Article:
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Regulatory Cooperation Expanded


The US Food and Drug Administration (FDA), the European Commission (EC), and the European Medicines Agency (EMEA) have agreed to expand their current cooperative activities in several important areas. At a meeting June 14-15, 2007, the FDA and the EU reviewed the past year’s activities under the existing Implementation Plan for the confidentiality arrangement. The ultimate goal of the initiative is to promote and protect public health, reducing regulatory burden and costs, and bringing innovative products to patients in a timely manner. Furthermore, important safety information about medicinal products is shared among the parties.

Building on the achievements in cooperation on vaccines, oncology, and pharmacogenomics, it was agreed to expand further the interactions in the areas of pediatrics and medicinal products for rare diseases (“orphan drugs”). Furthermore, scientific dialogue has been widened to include extensions of therapeutic indications and risk management plans. Based upon the newly adopted pediatric legislation in the EU, a “Principles of Interactions” document ( that will facilitate the timely exchange of information on scientific and ethical issues for pediatric therapeutics has been finalized.

The Implementation Plan ( on transatlantic medicines regulatory cooperation was revised to describe under what circumstances information will be shared among the parties.

Following the Framework for Advancing Transatlantic Economic Integration between the EU and the FDA, new areas of transatlantic regulatory cooperation were discussed, notably regulatory cooperation on medical devices and on cosmetics. Discussions on these topics will continue.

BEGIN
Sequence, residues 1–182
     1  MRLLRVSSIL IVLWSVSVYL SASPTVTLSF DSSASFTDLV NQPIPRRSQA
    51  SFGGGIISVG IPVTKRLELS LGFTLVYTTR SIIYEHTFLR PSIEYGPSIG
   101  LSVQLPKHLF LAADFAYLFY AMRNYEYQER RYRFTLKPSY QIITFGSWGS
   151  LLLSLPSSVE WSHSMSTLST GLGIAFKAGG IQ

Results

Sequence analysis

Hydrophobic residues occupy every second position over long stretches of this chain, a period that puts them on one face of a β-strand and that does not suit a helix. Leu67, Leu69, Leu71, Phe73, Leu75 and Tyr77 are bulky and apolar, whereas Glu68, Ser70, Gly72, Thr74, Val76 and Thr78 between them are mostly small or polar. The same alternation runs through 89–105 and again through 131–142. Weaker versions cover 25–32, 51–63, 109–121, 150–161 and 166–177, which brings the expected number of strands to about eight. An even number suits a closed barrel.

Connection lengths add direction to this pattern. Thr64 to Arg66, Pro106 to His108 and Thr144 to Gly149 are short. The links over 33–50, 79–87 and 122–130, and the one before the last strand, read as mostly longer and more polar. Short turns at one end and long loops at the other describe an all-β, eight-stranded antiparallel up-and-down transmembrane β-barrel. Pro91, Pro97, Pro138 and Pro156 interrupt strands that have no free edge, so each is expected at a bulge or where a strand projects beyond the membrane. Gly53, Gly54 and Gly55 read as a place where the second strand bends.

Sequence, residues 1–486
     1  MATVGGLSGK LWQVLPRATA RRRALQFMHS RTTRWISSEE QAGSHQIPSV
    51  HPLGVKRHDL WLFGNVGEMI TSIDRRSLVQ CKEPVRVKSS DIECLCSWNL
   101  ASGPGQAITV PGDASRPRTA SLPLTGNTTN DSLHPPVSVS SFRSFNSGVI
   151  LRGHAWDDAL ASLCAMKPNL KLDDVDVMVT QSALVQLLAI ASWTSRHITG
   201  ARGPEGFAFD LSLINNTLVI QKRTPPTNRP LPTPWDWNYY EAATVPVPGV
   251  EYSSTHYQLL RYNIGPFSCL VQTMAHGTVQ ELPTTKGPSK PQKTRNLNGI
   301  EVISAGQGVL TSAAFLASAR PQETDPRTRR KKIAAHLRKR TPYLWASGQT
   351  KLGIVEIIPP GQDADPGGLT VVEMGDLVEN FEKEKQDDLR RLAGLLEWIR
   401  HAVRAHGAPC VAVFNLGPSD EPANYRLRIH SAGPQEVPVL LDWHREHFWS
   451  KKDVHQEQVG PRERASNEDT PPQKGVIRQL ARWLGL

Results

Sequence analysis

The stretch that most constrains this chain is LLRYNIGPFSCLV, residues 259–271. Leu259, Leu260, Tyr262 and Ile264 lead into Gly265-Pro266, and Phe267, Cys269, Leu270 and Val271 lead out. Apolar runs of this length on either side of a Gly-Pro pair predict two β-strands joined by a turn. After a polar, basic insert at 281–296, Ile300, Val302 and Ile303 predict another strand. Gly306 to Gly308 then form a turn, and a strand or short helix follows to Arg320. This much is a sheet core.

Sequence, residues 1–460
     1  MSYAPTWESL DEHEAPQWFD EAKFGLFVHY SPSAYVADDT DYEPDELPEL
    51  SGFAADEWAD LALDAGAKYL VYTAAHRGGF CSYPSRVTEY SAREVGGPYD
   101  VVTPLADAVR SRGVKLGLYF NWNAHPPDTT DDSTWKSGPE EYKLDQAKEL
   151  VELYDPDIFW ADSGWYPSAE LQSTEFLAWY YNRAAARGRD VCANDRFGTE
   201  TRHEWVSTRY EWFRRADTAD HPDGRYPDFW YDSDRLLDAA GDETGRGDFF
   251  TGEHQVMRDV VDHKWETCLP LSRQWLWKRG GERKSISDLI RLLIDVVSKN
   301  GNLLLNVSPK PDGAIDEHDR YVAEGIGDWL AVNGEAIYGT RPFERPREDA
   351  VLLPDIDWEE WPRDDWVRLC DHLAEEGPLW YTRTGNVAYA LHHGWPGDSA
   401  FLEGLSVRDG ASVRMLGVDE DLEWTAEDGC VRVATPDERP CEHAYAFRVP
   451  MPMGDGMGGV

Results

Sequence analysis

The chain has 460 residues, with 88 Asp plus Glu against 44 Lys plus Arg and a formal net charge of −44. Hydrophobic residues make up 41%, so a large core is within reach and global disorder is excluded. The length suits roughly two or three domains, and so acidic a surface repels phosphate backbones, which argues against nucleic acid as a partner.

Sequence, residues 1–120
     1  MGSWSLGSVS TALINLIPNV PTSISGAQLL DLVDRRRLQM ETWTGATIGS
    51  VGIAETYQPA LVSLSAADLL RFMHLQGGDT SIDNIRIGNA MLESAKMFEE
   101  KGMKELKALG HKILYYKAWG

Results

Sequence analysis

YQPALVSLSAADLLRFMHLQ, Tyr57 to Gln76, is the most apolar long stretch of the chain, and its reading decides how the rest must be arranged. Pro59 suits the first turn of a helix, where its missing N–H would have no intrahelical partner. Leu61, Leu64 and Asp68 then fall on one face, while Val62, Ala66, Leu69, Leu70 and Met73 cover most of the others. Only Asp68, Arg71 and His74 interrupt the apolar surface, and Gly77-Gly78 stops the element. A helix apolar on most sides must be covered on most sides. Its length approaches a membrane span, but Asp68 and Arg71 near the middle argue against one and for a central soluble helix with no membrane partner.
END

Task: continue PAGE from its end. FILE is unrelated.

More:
In an effort to avoid future disharmony, upstream regulatory cooperation on new medicines legislation was discussed. In addition, planning progressed on a Transatlantic Workshop on Administrative Simplification in Medicines Regulation. This workshop will be held on 28 November 2007 in Brussels, Belgium.

Transatlantic regulatory cooperation under the EC, EMEA and US FDA collaboration has allowed each side to share common experiences and gain an understanding of each other’s regulatory system. Additionally, each side strives to reduce unnecessary differences in regulations and reduce associated costs to the consumer and industry. All parties concur that this activity continues to be a success in fostering transatlantic cooperation and promoting public health protection.


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